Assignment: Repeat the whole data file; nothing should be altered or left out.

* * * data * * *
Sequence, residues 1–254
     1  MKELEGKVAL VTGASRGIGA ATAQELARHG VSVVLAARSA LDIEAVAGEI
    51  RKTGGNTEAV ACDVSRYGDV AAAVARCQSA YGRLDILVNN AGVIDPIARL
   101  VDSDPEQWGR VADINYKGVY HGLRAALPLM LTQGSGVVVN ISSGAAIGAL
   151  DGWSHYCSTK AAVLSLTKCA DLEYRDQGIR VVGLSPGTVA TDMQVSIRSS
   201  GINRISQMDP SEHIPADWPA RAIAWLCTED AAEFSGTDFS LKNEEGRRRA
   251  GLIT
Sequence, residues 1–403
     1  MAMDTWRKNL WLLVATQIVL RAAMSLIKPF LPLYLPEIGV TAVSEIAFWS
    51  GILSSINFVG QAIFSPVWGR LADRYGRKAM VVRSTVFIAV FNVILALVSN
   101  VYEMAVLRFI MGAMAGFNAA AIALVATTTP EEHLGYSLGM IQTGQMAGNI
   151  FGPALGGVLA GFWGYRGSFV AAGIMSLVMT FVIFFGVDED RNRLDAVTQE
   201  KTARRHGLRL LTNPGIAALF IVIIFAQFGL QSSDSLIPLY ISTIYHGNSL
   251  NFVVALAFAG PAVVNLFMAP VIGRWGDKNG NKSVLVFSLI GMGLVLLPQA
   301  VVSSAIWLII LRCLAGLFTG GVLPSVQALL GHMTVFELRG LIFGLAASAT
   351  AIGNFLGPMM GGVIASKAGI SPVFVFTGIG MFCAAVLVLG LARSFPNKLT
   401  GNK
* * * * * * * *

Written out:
Sequence, residues 1–254
     1  MKELEGKVAL VTGASRGIGA ATAQELARHG VSVVLAARSA LDIEAVAGEI
    51  RKTGGNTEAV ACDVSRYGDV AAAVARCQSA YGRLDILVNN AGVIDPIARL
   101  VDSDPEQWGR VADINYKGVY HGLRAALPLM LTQGSGVVVN ISSGAAIGAL
   151  DGWSHYCSTK AAVLSLTKCA DLEYRDQGIR VVGLSPGTVA TDMQVSIRSS
   201  GINRISQMDP SEHIPADWPA RAIAWLCTED AAEFSGTDFS LKNEEGRRRA
   251  GLIT
Sequence, residues 1–403
     1  MAMDTWRKNL WLLVATQIVL RAAMSLIKPF LPLYLPEIGV TAVSEIAFWS
    51  GILSSINFVG QAIFSPVWGR LADRYGRKAM VVRSTVFIAV FNVILALVSN
   101  VYEMAVLRFI MGAMAGFNAA AIALVATTTP EEHLGYSLGM IQTGQMAGNI
   151  FGPALGGVLA GFWGYRGSFV AAGIMSLVMT FVIFFGVDED RNRLDAVTQE
   201  KTARRHGLRL LTNPGIAALF IVIIFAQFGL QSSDSLIPLY ISTIYHGNSL
   251  NFVVALAFAG PAVVNLFMAP VIGRWGDKNG NKSVLVFSLI GMGLVLLPQA
   301  VVSSAIWLII LRCLAGLFTG GVLPSVQALL GHMTVFELRG LIFGLAASAT
   351  AIGNFLGPMM GGVIASKAGI SPVFVFTGIG MFCAAVLVLG LARSFPNKLT
   401  GNK